Investors can achieve or modify their equity risk exposures using equity swaps and equity forwards and futures.
An equity swap is a derivative contract in which two parties agree to exchange a series of cash flows whereby one party pays a variable series that will be determined by a single stock, a basket of stocks, or an equity index and the other party pays either:
- a variable series determined by a different equity or rate or
- a fixed series. An equity swap is used to convert the returns from an equity investment into another series of returns, which either can be derived from another equity series or can be a fixed rate.
There are three main types of equity swaps:
- receive-equity return, pay-fixed;
- receive-equity return, pay-floating; and
- receive-equity return, pay-another equity return.
Because they are an OTC derivative instrument, each counterparty in the equity swap bears credit risk exposure to the other. For this reason, equity swaps are usually collateralized in order to reduce the credit risk exposure.
A total return swap is a slightly modified equity swap; it also includes in the performance any dividends paid by the underlying stocks or index during the period until the swap maturity. The swap has a fixed tenor and may provide for one single payment at the end of the swap’s life, although more typically a series of periodic payments would be arranged instead.
Equity swaps provide synthetic exposure to physical stocks. However, equity swaps require putting up collateral, are relatively illiquid contracts, and do not confer voting rights.
Equity Swap vs. Physical Stock
|Gain exposure to equity when participation in physical market is restricted||Equity swaps typically require collateral|
|Avoid tax on physical ownership (i.e., stamp duty)||Swaps are illiquid|
|Avoid custody fees on physical ownership||Swaps do not convey voting rights|
|Avoid the cost of monitoring physical positions, which may increase due to corporate actions (i.e., dividend payments, stock splits, buy-backs, M&A, etc.)|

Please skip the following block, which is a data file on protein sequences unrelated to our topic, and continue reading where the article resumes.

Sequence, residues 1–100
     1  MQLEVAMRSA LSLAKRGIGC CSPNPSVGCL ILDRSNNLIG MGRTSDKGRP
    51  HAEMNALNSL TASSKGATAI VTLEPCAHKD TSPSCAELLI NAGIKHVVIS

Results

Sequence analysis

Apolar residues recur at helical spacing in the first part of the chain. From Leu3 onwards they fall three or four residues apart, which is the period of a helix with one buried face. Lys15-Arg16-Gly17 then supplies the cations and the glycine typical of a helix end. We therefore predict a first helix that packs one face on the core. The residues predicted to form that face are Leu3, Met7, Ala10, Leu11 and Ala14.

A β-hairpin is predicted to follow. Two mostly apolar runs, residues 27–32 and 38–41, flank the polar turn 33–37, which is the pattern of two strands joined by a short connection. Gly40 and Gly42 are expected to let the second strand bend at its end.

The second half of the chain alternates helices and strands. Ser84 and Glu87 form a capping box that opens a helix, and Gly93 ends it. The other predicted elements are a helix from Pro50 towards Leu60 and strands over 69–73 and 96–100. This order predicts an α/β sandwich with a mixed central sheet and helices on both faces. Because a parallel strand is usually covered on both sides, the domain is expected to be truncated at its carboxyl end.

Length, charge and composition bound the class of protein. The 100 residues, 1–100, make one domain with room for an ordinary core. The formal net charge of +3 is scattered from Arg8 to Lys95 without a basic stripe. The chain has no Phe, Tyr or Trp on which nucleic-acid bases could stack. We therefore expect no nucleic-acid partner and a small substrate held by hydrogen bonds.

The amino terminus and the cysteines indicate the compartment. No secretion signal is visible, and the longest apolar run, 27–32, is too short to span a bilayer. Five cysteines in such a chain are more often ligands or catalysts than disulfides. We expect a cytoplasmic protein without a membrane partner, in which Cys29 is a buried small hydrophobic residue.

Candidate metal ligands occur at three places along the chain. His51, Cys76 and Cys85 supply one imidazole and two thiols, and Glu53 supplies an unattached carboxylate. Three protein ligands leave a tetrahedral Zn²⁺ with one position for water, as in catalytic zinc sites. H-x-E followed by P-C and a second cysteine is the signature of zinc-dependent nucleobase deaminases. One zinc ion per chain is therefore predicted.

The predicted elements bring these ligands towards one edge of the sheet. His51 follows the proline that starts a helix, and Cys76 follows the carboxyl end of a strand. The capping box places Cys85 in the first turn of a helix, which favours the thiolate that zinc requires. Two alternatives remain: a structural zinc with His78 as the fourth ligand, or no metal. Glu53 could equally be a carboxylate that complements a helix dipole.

Equity Forwards and Futures
Equity futures are exchange traded, standardized, require margin, have low transaction costs, and are available on indexes and single stocks. They enable market participants to do the following:
- Implement tactical allocation decisions (alter the exposure to equity of a portfolio).
- Selling futures (short position) reduces equity exposure.
- Buying futures (long position) increases equity exposure.
- Achieve portfolio diversification.
- Gain exposure to international markets.
- Make directional bets on the direction of the market.
Forwards provide many of the same advantages but lack liquidity and are not subject to mark-to-market margin adjustments. Because there is no clearinghouse, the credit quality of the counterparties is a concern. The major advantage of forward contracts is they can be customized.
Index futures have a multiplier. The actual futures price is the quoted futures price (in points) × the multiplier.
Short equity futures positions can be used to decrease the beta of a portfolio, and long positions can be used to increase the beta of a portfolio.
βT = target portfolio beta
βP = current portfolio beta
βF = futures beta (beta of stock index)
MVP = market value of portfolio
F = futures contract value = futures price × multiplier
Cash securitization (also known as “cash equitization” or “cash overlay”) is a strategy designed to boost returns by finding ways to “equitize” unintended cash holdings. By purchasing futures contracts, fund managers attempt to replicate the performance of the underlying market in which the cash would have been invested. Given the liquidity of the futures market, doing so would be relatively easy. An alternative solution could be to purchase calls and sell puts on the underlying asset with the same exercise price and expiry date.
βP = current portfolio beta of cash position = 0 (note cash has a beta of 0)
MVP = cash position